# Navigation Part 1: Geo-fencing

Randall Maas 8/10/2012 4:07:15 PM

The first step is to have a plan to keep the bot in the yard - and out of the plants. This means the knowing where the bot a can (and can't) go. Geo-fencing is a virtual perimeter that keeps the drone (robot) inside the "fence." DIYDrone's "Ardupilot" and "Ardupilot-Mega" implement a fence. However, DIYDrone's fences appear to be a simple box. My yard (and parks) have irregular shapes.

My normal "go to" reference on geographic data structures is  Fundamentals of Spatial Information Systems Robert Laurini & Derek Thompson, 1992 Academic Press. But it has big, hairy data structures for this problem - things like R-Trees. Here is an approach that better serves my bot.

### The in crowd

First, we represent the region (my yard) as a polygon: First, how do we know if a point is in the region - or not in the region? The answer is the winding number. When the winding number is zero, the point is not in the region; otherwise, the point is in the region.

This is useful for telling if the bot has found itself outside of the yard... or that a point it is considering will be outside the yard.

### The out crowd

The utility of the winding number is that we can add a second polygon that excludes an area of the region. For instance, my house, flower beds, and other crud around my house: Notice that the polygon for the "good" area goes clockwise, while the polygon for the keep-out is counter-clockwise. This is critical:

• When get the winding number for the "good" polygon, the number will have a negative sign when the point is in the region.
• When get the winding number for the "bad" polygon, the number will have a positive sign when the point is in the region.

This is put together to find out if a point is within the geo-fence. First, the winding numbers are limited -1, 0,+1. Next, compute the winding number for the point with respect to each polygon. Sum the numbers. If the number is negative, the point is in the fence; otherwise, it is not.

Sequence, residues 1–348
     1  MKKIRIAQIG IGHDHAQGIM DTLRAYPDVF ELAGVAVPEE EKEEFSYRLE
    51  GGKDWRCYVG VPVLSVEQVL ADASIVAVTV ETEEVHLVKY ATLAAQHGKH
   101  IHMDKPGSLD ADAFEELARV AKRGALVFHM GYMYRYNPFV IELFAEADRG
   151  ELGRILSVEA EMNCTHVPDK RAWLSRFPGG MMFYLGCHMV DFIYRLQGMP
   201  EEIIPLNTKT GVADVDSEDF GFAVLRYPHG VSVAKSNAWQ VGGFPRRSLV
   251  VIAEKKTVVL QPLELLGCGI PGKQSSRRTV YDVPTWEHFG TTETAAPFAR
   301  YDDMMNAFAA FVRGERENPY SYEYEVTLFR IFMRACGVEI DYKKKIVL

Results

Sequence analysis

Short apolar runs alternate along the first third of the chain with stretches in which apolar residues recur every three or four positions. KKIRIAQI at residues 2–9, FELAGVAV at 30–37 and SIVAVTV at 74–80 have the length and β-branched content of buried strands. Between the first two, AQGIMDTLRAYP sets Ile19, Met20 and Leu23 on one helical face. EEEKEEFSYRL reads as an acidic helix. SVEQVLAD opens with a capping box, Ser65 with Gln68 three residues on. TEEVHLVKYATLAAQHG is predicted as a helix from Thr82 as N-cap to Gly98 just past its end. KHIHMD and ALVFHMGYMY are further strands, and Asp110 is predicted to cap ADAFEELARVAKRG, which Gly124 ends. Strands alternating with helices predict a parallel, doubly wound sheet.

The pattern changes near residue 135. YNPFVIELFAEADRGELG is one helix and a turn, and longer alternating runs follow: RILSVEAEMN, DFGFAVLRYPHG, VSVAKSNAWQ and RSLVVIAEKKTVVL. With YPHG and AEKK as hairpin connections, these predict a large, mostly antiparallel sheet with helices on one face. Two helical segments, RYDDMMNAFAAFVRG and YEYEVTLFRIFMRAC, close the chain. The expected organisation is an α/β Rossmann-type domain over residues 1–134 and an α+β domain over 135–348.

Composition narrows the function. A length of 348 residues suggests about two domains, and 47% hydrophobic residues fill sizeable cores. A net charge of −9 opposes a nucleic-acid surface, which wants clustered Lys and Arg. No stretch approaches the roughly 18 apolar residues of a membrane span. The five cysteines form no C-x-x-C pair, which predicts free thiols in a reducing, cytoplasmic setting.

(This approach can be refined to use a tree structure to reduce the number of polygons we are looking at).

### Boundary conditions: Don't hop over or pee on an electric fence.

Finally, we need to tell if we are crossing a boundary. This is used to tell if we're going to go outside of the yard or go into a bad area. For instance: Both the start and the goal points are in the region' but if the bot were to take the direct path, it would get into trouble.

Let's call the two points: P and Q. P is the current point, and Q is the end point. The approach is simple:

```For each polygon:
For each line segment (E to F) of the polygon
if the line segments P->Q and E->F cross, the path crosses the fence```

This just leaves the question of whether or not the points cross.

We have to do two tests:

1. Are P and Q on opposite sides of E->F ?
2. Are E and F on opposite sides of P->Q ?

If both are true, the line segments cross.

We can tell the points (P,Q) are on opposite sides of a segment (E,F) by taking the cross product :

`	if sign(U × V) != sign(U × W)  then opposite sides`

or

`	if sign(Ux*Vy-Uy*Vx) != sign(Ux*Wy-Uy*Wx) then opposites sides`

where

• U = F-E
• V = P-B
• W = Q-B

Note: this approach only works if we don't have a "good" region inside of a "bad" region.

### Next time

We'll look at navigation planning next time